During Tito

Symbolic nationalism was encouraged during the Tito period despite the commitment to federalism. The Macedonian language was codified, and the Macedonian Orthodox Church was restored in 1967.

Tito also used the Macedonian issue as a weapon of foreign policy when needed, contrasting the "free" expression of Macedonian identity in Yugoslavia with its denial in Bulgaria and Greece.

Macedonia dependent on Yugoslavia and Serbia

Within federal Yugoslavia, Macedonians fared well, though the republic was seen as a backwater. In economic and cultural terms, it was dependent on its large neighbor, Serbia. A common concern of the two was a growing Albanian minority, where Macedonia's western areas resembled Serbia's Kosovo.

Between 1951 and 1981, Albanian cultural rights in Macedonia steadily improved. After demonstrations in Pristina (Kosovo) in 1981, the Macedonian authorities followed the Serbian lead in taking repressive measures against the Albanian minority. As elsewhere, adversity strengthened the will and resolve of Macedonia's Albanians, many of whose leaders had been educated in Pristina.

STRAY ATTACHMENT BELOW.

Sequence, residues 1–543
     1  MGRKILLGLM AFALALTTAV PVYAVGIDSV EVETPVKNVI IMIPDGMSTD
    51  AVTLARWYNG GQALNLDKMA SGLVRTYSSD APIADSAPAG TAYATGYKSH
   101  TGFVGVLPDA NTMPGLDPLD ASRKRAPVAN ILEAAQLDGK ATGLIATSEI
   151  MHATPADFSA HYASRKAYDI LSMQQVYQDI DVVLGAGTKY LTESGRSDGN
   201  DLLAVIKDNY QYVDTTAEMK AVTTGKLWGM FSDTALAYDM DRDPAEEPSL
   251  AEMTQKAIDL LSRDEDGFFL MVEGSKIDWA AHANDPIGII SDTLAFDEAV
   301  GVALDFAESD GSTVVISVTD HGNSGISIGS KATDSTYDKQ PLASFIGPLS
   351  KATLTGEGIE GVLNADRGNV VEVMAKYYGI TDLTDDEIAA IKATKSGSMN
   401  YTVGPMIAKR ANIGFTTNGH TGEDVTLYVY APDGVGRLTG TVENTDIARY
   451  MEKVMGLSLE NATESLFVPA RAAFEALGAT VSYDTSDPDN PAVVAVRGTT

Divisions in Macedonian politics

The 1990 elections were won by a new nationalist coalition headed by the Internal Macedonian Revolutionary Organization – Democratic Party for Macedonian National Unity (VMRO-DPMNE), (named after the 1893 revolutionary organization), which took 37 seats. The former League of Communists (KPM) won 30 seats, while a pro-Yugoslav coalition around Yugoslav Prime Minister Ante Markovic's Union of Reform Forces won 17 seats.

Macedonia's Albanians largely voted for Albanian ethnic parties, the largest being the Party for Democratic Prosperity, which won 24 seats.



Kiro Gligorov (daily.tportal.hz)

Parliament chose Kiro Gligorov, a prominent figure from the League of Communists, as President. As Yugoslavia approached collapse, Gligorov worked with other Republic presidents to find a solution in the form of an asymmetrical federation.

Macedonia's representative to the collective presidency, Vasil Tupurkovski, also followed the same agenda, trying to produce a compromise.

Vasil Tupurkovski

Vasil Tupurkovski (personal website)